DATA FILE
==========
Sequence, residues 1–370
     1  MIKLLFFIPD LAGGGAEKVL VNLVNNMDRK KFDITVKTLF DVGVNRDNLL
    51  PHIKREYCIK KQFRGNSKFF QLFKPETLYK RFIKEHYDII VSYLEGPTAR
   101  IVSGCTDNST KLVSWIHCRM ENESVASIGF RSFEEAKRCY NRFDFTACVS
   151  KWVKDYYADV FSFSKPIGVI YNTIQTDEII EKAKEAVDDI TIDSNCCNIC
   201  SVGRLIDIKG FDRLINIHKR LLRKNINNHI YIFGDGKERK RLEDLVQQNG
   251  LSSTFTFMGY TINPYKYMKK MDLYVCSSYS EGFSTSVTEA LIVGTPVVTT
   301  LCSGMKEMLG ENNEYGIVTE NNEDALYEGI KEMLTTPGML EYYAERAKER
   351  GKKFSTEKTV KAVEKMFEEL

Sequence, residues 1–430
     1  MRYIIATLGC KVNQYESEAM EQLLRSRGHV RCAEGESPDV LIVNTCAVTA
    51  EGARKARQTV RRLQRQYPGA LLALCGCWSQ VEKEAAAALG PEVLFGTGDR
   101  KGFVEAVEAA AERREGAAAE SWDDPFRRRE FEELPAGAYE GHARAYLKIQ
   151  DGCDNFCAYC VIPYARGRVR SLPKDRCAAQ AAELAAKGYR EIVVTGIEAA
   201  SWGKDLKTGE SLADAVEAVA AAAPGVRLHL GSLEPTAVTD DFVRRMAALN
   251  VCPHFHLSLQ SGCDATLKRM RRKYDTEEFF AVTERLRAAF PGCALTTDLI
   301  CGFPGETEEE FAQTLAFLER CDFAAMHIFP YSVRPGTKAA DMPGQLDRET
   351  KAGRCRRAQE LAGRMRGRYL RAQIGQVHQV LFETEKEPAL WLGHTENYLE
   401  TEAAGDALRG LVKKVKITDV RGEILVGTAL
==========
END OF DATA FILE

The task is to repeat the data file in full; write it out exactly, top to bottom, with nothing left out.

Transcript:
Sequence, residues 1–370
     1  MIKLLFFIPD LAGGGAEKVL VNLVNNMDRK KFDITVKTLF DVGVNRDNLL
    51  PHIKREYCIK KQFRGNSKFF QLFKPETLYK RFIKEHYDII VSYLEGPTAR
   101  IVSGCTDNST KLVSWIHCRM ENESVASIGF RSFEEAKRCY NRFDFTACVS
   151  KWVKDYYADV FSFSKPIGVI YNTIQTDEII EKAKEAVDDI TIDSNCCNIC
   201  SVGRLIDIKG FDRLINIHKR LLRKNINNHI YIFGDGKERK RLEDLVQQNG
   251  LSSTFTFMGY TINPYKYMKK MDLYVCSSYS EGFSTSVTEA LIVGTPVVTT
   301  LCSGMKEMLG ENNEYGIVTE NNEDALYEGI KEMLTTPGML EYYAERAKER
   351  GKKFSTEKTV KAVEKMFEEL

Sequence, residues 1–430
     1  MRYIIATLGC KVNQYESEAM EQLLRSRGHV RCAEGESPDV LIVNTCAVTA
    51  EGARKARQTV RRLQRQYPGA LLALCGCWSQ VEKEAAAALG PEVLFGTGDR
   101  KGFVEAVEAA AERREGAAAE SWDDPFRRRE FEELPAGAYE GHARAYLKIQ
   151  DGCDNFCAYC VIPYARGRVR SLPKDRCAAQ AAELAAKGYR EIVVTGIEAA
   201  SWGKDLKTGE SLADAVEAVA AAAPGVRLHL GSLEPTAVTD DFVRRMAALN
   251  VCPHFHLSLQ SGCDATLKRM RRKYDTEEFF AVTERLRAAF PGCALTTDLI
   301  CGFPGETEEE FAQTLAFLER CDFAAMHIFP YSVRPGTKAA DMPGQLDRET
   351  KAGRCRRAQE LAGRMRGRYL RAQIGQVHQV LFETEKEPAL WLGHTENYLE
   401  TEAAGDALRG LVKKVKITDV RGEILVGTAL